The sponsors of the bill note that first responders often find themselves in dangerous situations without a way to protect themselves:
Lawmakers believe in the less urban areas there’s a high chance that the first responders on the scene will be non-peace officers — such as fire and EMS.
However, not everyone thinks it’s a good idea:
Austin-Travis County EMS sees things a little differently.
Captain Darren Noak says the bill just isn’t a good fit for the department. He believes carrying a gun would add more work to an already stressful job.
“It would be another level of training for us, it would be another level of responsibility and it also doesn’t kind of fit in with our mission,” Noak said.
While allowing first responders to carry guns would require more training, it is a small price to pay to protect those first on the scene. First responders are often called to unpredictable and sometimes violent situations, with little training on how to handle them. Realistically, additional training is long overdue. Giving people the means to protect themselves is just one piece of the puzzle.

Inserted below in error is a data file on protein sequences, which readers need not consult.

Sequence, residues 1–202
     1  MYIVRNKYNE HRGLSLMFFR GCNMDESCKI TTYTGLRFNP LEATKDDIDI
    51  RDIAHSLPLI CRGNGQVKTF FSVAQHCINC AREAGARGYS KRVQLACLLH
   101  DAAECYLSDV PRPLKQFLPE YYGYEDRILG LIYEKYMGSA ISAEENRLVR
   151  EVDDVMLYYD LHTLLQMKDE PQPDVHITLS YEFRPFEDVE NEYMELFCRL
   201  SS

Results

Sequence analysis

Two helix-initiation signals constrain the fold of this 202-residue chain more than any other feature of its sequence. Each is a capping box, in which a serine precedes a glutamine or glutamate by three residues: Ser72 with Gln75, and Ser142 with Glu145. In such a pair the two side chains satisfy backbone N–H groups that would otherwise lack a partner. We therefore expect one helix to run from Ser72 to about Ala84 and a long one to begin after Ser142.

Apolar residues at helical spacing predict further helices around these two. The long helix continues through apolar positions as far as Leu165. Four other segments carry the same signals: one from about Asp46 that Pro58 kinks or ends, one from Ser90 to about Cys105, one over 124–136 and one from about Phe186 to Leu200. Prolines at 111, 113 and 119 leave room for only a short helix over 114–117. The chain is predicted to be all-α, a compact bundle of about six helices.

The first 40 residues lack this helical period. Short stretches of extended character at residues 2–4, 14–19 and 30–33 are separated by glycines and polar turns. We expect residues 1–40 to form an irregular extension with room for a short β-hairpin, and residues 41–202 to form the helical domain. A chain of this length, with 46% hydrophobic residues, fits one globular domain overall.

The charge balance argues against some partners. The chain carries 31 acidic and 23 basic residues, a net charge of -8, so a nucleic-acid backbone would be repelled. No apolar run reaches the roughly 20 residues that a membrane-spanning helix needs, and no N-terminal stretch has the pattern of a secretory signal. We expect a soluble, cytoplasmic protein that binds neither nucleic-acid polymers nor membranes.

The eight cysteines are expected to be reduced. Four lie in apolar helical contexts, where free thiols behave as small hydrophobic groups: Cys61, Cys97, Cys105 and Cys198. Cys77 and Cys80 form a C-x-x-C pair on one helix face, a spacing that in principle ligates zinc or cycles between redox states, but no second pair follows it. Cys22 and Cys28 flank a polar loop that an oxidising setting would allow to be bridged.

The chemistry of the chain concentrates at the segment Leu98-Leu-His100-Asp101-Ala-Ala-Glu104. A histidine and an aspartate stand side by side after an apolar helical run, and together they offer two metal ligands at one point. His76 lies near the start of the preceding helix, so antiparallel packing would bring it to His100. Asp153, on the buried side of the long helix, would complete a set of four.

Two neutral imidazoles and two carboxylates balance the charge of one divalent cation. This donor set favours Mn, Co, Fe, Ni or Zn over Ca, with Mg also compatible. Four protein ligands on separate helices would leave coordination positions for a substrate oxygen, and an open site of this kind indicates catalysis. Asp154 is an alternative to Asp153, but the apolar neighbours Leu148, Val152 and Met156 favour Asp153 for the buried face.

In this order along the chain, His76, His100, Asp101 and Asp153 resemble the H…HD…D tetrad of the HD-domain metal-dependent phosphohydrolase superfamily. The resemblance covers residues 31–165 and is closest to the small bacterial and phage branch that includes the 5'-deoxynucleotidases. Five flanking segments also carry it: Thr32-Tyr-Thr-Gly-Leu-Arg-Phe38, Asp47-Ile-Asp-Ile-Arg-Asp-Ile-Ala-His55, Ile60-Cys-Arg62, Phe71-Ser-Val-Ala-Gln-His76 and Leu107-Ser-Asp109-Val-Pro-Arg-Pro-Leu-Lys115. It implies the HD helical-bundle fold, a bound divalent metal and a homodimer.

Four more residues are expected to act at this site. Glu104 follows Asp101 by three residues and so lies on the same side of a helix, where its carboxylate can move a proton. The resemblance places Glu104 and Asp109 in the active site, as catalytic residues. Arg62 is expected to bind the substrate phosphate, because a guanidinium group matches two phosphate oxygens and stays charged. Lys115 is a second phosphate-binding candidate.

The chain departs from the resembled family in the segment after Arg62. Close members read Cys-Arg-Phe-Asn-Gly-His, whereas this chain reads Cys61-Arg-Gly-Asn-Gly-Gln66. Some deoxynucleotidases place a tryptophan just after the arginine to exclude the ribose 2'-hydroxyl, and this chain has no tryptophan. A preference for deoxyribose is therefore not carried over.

Of course, it’s no surprise this legislation originates in Texas, a state with a strong tradition of defending gun rights. However, the success of the measure could cause other states to reevaluate their policies, as states tend to copy each other when things work.
Whether or not the bill has the votes to pass remains to be seen. However, it’s refreshing that an idea that hasn’t received much attention is finally getting the debate it deserves. Everyone has the right to defend themselves, including those that put their lives on the line to save ours.
[Note: This post was written by Michael Lee. Follow him on Twitter @UAMichaelLee]Admiral